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Sunshine Girl: The Complete Recordings

The Parade

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Album Review

Although the Parade had planned to release an LP titled Sunshine Girl in 1968, that record failed to appear when A&M shelved it. This 23-song 2009 CD compilation is a kind of belated substitute for the record, including both sides of all six of the singles they issued in 1967 and 1968; a couple other tracks, "Lovers," and "Kinda Wasted Without You"; some demos and alternate/mono/45 mixes; recordings by the Roger Nichols Trio and Smokey Roberds in which some members were involved; and even a 1965 acetate by Connie Austin of a soul-pop song written by Paraders Murray MacLeod and Smokey Roberds. The crucial half of the disc are the dozen tracks from those 1967-1968 singles, starting with the 1967 Top 20 hit "Sunshine Girl," which is now regarded as one of the core anthems of the sunshine pop genre. While nothing else has the obvious hit singalong appeal of "Sunshine Girl," the other 45 tracks are well-crafted, cleanly produced exponents of late-'60s Southern Californian harmony pop/rock that are generally a bit more mature, and not as ornate or cheerily bouncy, as much other sunshine pop of the era. There's still some of that whitebread stuff, to be sure, like the vaudeville-edged "Frog Prince." But there are also cuts with echoes of moody flamenco ("She Sleeps Alone" and "The Old Melody") and dreamy Baroque psychedelia ("Lullaby"), as well as ones that resemble the Monkees in a particularly upbeat frame of mind ("She's Got the Magic" and "I Can See Love"). "A.C./D.C.," meanwhile, is one of the most accurate mid- to late-'60s Donovan soundalikes ever cut, to the point where it's hard to tell if it's an imitation or a parody. "Hallelujah Rocket" has some of the scatting pizzazz and wit you might associate with a Nilsson track; "everyone can have their own guided missile if no one blows the whistle" is surely one of the phrases most apt to be trotted out as proof that not all sunshine pop lyrics were piffle. While the non-45 tracks are as expected not quite up to the level of the rest of the material, they're good complements to the main body of the CD that will please anyone interested in hearing what the Parade were up to beyond "Sunshine Girl." All such listeners will also be interested in the very thorough liner notes, which do a lot to clarify the slightly confusing Parade story, with interview quotes from everyone in the group.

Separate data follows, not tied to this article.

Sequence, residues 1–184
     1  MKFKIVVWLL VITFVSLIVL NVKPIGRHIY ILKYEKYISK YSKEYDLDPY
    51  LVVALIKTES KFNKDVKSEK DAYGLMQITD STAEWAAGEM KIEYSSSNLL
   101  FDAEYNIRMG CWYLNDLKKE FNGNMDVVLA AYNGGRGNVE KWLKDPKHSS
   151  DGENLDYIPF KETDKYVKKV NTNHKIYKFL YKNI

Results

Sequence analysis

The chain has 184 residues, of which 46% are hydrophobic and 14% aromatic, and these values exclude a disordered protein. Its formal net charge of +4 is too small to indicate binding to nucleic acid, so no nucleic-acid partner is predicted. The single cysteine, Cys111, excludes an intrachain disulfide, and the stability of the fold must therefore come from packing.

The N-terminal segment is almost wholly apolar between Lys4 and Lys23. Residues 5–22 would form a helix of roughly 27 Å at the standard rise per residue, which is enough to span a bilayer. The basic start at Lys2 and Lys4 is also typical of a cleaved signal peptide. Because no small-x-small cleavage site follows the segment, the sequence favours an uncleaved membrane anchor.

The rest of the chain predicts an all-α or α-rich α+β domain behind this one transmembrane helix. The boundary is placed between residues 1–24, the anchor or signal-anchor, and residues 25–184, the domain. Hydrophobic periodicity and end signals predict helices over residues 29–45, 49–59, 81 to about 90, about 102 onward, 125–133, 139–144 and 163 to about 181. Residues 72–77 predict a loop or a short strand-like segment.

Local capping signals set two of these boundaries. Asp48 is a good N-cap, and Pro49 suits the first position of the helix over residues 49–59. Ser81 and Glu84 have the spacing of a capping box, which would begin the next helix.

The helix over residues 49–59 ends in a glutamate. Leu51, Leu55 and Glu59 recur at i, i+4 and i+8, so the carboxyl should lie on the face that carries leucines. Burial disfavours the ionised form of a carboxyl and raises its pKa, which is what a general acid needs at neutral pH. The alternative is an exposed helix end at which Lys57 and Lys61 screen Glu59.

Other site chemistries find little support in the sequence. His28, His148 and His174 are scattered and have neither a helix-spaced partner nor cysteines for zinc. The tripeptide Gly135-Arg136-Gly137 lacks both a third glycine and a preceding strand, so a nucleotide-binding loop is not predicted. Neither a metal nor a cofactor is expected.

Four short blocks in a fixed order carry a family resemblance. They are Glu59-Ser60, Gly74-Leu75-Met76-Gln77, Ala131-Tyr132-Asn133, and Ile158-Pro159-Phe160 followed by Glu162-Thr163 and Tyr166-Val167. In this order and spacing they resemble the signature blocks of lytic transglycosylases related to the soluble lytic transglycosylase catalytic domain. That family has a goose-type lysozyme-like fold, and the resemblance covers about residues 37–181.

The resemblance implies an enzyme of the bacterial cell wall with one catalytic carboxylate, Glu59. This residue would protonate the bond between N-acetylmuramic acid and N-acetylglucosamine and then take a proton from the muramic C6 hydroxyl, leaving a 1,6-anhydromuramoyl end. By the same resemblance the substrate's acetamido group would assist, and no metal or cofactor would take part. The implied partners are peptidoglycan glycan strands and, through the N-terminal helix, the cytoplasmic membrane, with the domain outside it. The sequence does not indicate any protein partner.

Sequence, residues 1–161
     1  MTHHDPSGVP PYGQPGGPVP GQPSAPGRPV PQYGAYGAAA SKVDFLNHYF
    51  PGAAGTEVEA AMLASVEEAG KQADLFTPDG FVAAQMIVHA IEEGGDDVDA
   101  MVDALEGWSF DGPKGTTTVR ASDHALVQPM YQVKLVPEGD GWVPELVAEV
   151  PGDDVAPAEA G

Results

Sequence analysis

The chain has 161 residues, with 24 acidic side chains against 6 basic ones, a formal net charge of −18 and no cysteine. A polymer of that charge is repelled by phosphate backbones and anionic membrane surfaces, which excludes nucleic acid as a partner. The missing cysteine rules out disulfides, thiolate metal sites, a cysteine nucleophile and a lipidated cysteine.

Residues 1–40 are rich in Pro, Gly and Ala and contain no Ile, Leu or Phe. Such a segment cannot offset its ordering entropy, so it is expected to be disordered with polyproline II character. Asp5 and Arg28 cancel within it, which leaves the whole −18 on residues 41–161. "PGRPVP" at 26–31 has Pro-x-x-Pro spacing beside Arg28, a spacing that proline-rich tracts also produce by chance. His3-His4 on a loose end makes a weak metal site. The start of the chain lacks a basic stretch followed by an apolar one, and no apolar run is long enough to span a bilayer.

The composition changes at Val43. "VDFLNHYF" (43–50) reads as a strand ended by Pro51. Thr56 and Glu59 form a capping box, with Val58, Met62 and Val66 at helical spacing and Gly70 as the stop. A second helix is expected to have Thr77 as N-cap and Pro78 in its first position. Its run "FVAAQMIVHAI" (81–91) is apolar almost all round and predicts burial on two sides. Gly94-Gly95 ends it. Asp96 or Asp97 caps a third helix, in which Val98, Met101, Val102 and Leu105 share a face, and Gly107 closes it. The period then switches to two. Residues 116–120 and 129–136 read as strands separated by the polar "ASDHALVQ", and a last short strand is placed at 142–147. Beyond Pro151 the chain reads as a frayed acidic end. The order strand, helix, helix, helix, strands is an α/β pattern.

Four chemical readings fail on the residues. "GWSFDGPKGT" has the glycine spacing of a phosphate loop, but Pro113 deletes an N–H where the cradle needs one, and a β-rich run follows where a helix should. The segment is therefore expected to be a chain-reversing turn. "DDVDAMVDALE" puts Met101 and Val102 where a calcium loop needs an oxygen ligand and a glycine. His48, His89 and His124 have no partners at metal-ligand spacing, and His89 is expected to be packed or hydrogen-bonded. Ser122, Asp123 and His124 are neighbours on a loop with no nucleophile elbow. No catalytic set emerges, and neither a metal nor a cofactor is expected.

Biography

Genre: Rock

Years Active: '60s

Sunshine pop pioneers Parade teamed veteran songwriter and producer Jerry Riopelle (a former Phil Spector associate who'd played keyboards on sessions headlined by the Ronettes, the Righteous Brothers, and Ike & Tina Turner) with character actors Murray MacLeod (known for his work on television series including Hawaii Five-O and Kung Fu) and Allen "Smokey" Roberds. MacLeod and Roberds — longtime friends and songwriting partners who occasionally collaborated with Roger Nichols of A Small...
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Sunshine Girl: The Complete Recordings, The Parade
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